How biphobia impacts the lives of bisexual people

This article is about the impact of biphobia on bisexual people. In the photo, a person holding a Bi flag at a parade.
This article is about the impact of biphobia on bisexual people. In the photo, a person holding a Bi flag at a parade. Via Shutterstock - Ink Drop

As this year’s Bisexual Awareness Week kicks off today, we take a look at the forms of oppression that bisexual people experience and explore some of the ways in which we can support our peers in the face of biphobia.

If we wish to be supportive of bisexual people, the first thing we need to do is understand the particular forms of prejudice and oppression that they face. Biphobia is described as the aversion to and rejection of bisexuality and bisexual people. In order to understand how it works, we need to consider two factors that come into play:

  • heteronormativity, aka the social belief that heterosexuality is the only acceptable form of sexual orientation, which is also responsible for the prejudice and discrimination faced by the wider LGBTQ+ community;

  • and monosexism, a form of oppression that promotes exclusive heterosexuality or homosexuality as the only legitimate alternatives.

This two-way discrimination often causes bisexual people to hide their sexual orientation to a greater extent than their gay and lesbian counterparts. The issue is also linked to one of the main forms that biphobia can take, known as bi-erasure.


Bi-erasure is the perception that bisexuality as a sexual orientation in itself does not exist and is tied to the common belief that it is only a transitional phase between heterosexuality and homosexuality. In fact, bisexuality is often perceived as a sort of “confusion” regarding sexual orientation, a phase that an individual goes through before fully understanding who they are really attracted to.

These types of prejudices are often also closely linked to gender dynamics. For example, a bisexual woman might be perceived as someone who wants to “experiment” and who is just going through a phase, but is ultimately heterosexual. Conversely, bisexual men are often told that they are actually gay, but just afraid to admit it. These biases show how our way of conceiving sexuality is strongly influenced by the patriarchal system in which we live, which is built around male pleasure and tends to reproduce everything as if we were serving it.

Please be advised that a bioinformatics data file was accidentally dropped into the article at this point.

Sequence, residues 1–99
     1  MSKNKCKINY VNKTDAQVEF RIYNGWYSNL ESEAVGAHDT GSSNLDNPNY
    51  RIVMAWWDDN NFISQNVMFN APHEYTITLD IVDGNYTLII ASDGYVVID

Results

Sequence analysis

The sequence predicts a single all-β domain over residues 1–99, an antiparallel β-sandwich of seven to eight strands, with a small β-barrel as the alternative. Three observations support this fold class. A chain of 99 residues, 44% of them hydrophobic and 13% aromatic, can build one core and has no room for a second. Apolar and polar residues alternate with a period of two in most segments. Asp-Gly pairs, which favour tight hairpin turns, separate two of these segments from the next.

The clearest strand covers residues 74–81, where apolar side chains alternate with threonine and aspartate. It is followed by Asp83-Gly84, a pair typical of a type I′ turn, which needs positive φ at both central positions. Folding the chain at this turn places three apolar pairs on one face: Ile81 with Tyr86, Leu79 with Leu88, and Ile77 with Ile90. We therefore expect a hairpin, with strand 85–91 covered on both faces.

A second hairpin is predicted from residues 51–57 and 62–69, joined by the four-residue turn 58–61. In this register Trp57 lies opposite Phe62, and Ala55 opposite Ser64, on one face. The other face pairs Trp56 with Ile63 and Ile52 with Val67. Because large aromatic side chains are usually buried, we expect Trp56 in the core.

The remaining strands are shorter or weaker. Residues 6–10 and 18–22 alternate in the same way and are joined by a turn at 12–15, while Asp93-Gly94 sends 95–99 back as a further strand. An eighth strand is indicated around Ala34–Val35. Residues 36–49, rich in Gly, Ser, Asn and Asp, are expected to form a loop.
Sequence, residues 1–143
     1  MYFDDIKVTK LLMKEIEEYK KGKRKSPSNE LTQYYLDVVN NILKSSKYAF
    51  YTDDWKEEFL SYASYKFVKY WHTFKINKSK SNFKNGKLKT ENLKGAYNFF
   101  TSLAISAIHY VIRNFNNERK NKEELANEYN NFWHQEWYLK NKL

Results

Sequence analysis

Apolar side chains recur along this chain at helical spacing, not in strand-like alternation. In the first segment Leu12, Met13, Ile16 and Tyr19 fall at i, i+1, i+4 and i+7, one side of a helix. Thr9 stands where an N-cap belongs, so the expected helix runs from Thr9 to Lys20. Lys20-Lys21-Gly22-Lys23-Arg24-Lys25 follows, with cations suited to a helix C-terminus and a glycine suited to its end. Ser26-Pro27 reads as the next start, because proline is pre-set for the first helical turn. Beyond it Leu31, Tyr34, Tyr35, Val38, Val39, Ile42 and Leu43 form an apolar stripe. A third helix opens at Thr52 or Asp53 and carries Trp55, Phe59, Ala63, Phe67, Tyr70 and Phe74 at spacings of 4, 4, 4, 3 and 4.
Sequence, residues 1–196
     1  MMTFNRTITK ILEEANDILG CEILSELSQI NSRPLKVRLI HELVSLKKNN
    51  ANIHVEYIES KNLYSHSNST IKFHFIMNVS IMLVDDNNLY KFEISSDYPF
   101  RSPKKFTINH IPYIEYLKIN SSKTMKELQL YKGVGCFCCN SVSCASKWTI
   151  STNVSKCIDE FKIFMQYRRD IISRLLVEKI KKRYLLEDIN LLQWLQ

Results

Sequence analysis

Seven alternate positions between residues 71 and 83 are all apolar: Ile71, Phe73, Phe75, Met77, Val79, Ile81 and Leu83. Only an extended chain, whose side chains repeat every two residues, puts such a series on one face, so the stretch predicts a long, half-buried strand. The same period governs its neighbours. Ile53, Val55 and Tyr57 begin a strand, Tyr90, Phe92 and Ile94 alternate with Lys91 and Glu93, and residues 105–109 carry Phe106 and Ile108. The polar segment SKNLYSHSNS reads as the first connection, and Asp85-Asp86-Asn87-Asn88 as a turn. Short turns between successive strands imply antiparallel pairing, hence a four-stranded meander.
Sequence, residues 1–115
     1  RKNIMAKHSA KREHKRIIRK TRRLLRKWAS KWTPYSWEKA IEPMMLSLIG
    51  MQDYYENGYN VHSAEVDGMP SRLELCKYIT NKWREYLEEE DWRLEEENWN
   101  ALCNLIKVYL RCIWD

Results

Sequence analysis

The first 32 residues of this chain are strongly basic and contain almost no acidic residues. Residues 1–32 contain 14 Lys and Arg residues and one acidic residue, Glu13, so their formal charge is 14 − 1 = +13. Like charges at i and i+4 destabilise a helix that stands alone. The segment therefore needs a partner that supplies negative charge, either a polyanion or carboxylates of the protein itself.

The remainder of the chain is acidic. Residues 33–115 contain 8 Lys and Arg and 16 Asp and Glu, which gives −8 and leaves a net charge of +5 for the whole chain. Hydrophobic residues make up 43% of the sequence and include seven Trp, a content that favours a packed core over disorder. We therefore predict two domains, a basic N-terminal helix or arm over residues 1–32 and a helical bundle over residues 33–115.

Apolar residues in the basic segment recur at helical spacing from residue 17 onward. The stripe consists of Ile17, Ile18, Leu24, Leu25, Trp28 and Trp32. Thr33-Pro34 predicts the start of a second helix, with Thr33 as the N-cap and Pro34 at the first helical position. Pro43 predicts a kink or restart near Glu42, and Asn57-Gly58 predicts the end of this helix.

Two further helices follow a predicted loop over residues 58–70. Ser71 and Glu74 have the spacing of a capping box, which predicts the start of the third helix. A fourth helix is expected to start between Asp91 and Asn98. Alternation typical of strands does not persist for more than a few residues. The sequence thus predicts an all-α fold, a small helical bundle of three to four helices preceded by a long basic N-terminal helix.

Bi-erasure has also resulted in the lack of representation of bisexual people in movies, TV series and media in general, as well as the falsification and revision of evidence attesting to the existence of bisexuality in history.

Another common belief, which can be observed even among members of the LGBTQ+ community, is that bisexual people are promiscuous, hypersexual and tend to cheat on their partners more easily.

All these biases and misconceptions are often internalised by bisexual people, who end up having to deal with what is called “internalised biphobia”. It leads them to form negative ideas about their sexual identity and to feel inadequate because they believe they are not “queer enough” and they are just imposters.

Moreover, bi people are often put under the pressure of somehow having to justify their sexual identity and proving that they are attracted to people of different genders by providing their dating history. However, a bisexual person’s identity is still valid even if they have only always dated people of a single gender, as their partner does not define who they are generally attracted to and sexual orientation does not change once a person enters a relationship.


LGBTQ+ charity The Trevor Project has a guide on its website on how to support your peers who might be experiencing biphobia and how to get past your own biases. Some of the advice given includes:

  • Assuming that a person is gay or straight based on their current relationship is harmful, so try to reframe your understanding that the people in that relationship could be of any gender or sexual orientation.

  • Take people for their word if they share their identity with you.

  • When witnessing an instance of biphobia or bi-erasure, try to address it by sharing that bisexuality is real and valid, as well as resources to learn more about bi identities.

And most importantly, if you wish to be supportive of your bi friends, try having open discussions with them and listen without assumptions and misconceptions. Check your biases and explore what the social factors are that may lead you to believe that bisexuality is not a legitimate sexual orientation and to have biphobic prejudice.

The post How biphobia impacts the lives of bisexual people appeared first on GCN.